The next parameter to cover is the brake balance. I keep seeing electronically controlled brake balance bars appear and disappear in FS. From time to time some teams do it and then skip doing it the next year. It might be beneficial to do it electronically since F1 teams did it also, while it was allowed. The current F1 rules do not allow that which is why we see drivers regularly reaching in the left side of the cockpit to change the brake bias. The FS track characteristics and also training levels of FS drivers are different to F1, therefore I doubt whether it would really be necessary to have electronic means of changing the brake bias while driving just to adjust it from corner to corner. Therefore it might be totally ok for combustion cars to also do it through a mechanic connection.
For electric cars things are a bit different. Most teams have rear-wheel drive and also use their motors to regenerate energy. If they have to restrict/change the braking torque being generated by regeneration due to thermal management for example, it might be very handy to automatically shift some braking force rearwards to keep the car in balance while braking. Please note that this is just an idea and I am not totally sure how a Scrutineer would think about that. You would at least want to make sure that only a certain amount of brake capacity can be shifted between front and rear by using mechanical stops on the balance bar for example. This avoids that an erratic algorithm could transfer all the braking capacity to the rear wheels, which would result in a massive spin in the best case.
I have now been talking about the obvious mechatronic parameters, but if you look at an F1 steering wheel, there are many more buttons and switches. The following picture (source: Sauber F1 Team) shows the front of the Steering Wheel of the Sauber C32 including descriptions for each and every button and switch.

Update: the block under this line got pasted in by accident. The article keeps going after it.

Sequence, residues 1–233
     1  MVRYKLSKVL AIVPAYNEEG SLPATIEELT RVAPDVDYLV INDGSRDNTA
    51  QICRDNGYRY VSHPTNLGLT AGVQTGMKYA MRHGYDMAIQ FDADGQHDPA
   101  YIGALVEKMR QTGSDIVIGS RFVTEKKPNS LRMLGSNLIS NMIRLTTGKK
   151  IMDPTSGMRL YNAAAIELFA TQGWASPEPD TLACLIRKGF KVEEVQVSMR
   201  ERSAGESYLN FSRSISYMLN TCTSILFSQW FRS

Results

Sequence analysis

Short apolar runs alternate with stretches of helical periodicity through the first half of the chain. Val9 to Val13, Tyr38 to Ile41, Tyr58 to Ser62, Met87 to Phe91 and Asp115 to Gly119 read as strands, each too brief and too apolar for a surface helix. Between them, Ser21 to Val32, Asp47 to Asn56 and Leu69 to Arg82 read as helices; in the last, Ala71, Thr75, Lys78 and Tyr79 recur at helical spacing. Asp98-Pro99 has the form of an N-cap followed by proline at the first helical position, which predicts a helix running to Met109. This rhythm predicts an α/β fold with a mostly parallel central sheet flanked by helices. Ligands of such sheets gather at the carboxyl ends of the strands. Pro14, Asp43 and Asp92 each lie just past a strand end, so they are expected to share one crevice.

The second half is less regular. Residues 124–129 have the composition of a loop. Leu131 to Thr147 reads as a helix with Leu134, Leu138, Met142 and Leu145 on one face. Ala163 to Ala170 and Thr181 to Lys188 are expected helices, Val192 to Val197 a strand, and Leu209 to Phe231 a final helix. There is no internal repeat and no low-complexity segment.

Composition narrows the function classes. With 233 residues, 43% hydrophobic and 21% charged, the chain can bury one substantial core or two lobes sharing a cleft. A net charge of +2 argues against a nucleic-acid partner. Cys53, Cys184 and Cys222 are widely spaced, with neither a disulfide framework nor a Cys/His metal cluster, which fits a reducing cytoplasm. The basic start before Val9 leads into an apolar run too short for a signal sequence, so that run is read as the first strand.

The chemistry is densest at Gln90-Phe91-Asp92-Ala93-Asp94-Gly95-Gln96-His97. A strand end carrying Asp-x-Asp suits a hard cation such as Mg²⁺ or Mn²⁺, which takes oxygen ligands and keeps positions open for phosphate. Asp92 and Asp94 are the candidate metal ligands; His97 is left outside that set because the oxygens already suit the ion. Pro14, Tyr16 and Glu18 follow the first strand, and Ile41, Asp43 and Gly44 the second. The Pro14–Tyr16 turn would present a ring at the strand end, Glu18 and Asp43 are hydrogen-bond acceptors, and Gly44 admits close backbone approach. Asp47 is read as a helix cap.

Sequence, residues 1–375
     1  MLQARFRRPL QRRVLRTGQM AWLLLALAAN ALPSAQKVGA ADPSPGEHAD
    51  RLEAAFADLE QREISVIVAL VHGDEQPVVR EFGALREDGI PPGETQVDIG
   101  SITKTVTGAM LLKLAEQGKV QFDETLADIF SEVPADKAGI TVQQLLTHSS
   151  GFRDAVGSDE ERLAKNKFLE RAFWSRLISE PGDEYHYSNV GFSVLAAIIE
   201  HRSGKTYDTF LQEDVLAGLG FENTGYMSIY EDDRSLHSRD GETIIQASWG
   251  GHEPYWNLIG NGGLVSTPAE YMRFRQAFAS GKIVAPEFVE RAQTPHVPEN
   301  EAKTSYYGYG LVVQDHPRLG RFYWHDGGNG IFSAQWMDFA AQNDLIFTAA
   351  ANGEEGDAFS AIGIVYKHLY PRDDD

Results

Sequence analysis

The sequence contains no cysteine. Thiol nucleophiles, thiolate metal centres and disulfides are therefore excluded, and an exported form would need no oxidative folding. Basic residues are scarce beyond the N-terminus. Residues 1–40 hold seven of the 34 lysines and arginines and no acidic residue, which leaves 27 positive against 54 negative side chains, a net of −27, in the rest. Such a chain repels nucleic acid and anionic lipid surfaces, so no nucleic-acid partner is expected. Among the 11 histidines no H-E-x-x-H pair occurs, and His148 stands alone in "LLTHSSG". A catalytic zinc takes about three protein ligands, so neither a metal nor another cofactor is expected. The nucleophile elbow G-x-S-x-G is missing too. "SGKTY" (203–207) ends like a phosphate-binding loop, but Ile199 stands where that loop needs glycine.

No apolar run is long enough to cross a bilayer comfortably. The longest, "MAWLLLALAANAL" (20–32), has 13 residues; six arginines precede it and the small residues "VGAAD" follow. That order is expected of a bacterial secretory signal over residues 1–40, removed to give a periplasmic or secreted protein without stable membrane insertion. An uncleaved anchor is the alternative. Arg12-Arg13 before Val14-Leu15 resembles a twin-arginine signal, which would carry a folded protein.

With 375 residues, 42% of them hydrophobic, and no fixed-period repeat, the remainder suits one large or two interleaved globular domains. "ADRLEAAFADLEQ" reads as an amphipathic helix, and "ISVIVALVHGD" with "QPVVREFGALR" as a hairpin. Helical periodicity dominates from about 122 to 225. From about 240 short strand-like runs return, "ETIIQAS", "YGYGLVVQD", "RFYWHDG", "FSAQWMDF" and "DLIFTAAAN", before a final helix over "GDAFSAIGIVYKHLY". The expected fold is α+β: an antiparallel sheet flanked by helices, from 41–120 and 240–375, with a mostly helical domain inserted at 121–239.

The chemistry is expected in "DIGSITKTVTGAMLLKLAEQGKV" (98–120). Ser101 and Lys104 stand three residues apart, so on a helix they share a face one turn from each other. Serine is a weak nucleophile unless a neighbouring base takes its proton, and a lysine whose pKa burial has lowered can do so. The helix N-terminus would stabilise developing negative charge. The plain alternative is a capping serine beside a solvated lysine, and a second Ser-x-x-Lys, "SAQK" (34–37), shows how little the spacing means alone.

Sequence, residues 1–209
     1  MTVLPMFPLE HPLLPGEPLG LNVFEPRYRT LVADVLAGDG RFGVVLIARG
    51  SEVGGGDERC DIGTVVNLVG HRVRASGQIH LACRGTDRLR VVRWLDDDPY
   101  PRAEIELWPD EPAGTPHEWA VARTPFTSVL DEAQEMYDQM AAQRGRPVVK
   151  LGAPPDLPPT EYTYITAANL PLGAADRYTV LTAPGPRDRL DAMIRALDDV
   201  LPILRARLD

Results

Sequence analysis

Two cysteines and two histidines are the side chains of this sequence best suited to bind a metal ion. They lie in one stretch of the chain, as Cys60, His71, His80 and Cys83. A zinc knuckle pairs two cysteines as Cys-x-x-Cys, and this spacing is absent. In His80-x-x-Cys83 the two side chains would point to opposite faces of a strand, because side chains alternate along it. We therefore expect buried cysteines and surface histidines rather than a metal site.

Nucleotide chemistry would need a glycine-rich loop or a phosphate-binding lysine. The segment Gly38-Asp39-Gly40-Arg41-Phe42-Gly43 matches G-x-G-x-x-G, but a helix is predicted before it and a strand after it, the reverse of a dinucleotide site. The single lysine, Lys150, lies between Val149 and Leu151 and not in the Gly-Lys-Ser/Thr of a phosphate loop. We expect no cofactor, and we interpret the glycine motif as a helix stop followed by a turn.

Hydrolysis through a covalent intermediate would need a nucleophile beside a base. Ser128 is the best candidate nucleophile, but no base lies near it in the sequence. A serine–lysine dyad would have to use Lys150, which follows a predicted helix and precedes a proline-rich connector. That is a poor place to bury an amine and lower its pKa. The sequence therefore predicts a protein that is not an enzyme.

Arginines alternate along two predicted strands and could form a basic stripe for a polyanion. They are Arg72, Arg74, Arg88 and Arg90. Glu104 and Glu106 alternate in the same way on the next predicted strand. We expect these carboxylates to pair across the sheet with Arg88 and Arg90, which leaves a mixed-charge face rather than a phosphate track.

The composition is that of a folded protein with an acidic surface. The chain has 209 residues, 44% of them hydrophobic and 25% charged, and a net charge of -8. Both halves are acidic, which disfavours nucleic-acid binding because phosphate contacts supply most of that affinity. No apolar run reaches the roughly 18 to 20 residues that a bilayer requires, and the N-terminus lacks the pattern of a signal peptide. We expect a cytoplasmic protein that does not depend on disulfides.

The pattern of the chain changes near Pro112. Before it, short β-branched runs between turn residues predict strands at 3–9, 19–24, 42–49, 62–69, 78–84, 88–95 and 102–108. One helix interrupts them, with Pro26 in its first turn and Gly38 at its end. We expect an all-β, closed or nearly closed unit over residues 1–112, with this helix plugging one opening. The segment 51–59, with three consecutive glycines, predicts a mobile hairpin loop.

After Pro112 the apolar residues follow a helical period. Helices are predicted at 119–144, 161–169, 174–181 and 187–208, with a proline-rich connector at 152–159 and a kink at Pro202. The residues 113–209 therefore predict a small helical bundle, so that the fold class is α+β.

The full size picture can be found here.
You might have noticed that they have lots of buttons and switches. Most of them affect systems which are either not allowed in FS or which are not really used yet. However, even if we take these systems away, enough switches would remain to change:
- Engine maps (IC) / Torque Characteristics (EV)
- Traction / Launch Control Settings
- Shift Maps (if done automatically for example or to change the RPM Indicator lights)
- Clutch Characteristics
- Pit Radio
- Accessing information on the display
- Anti-Roll-Bar adjustments (rare, but I have seen it)
- Data Logging and Telemetry Options
As you can see on the picture above, F1 uses rather big push buttons and rotary switches. Some of them do even look bulky, which is rather uncommon for F1. A requirement, which is forgotten by steering wheel designers from time to time is that all these buttons and switches must be operated by the driver while wearing gloves and also usually while driving. Therefore these elements need to have a certain size such that the driver can operate them while not looking at the steering wheel.
For parameters, which are only changed when standing still, you could get away with having some push buttons and by showing a navigation menu on the display. But most of these parameters are used while driving on the track and if your driver has to pay significant attention to the steering wheel to change something, he will certainly lose time.
F1 does a good job in my opinion by providing buttons and switches which provide a good feel to the driver and do not consume much brain/attention capacity to change settings. Most teams have already adapted this and use similar buttons and switches.
A rather obvious requirement is for the buttons and switches to be water-proof.
There is one big difference between F1 and FS, which should theoretically lead to less buttons and switches on FS steering wheels: It is not prohibited to change parameters via a remote connection in FS. Thus changing engine or shift maps etc. could all be done remotely by the data or performance engineer without bothering the driver. Some of those changes could even be done automatically by algorithms running on ECUs on the car. There is of course always the chance that the telemetry connection fails or that the algorithms are erratic...in that case the driver and the team will probably be thankful for a little switch...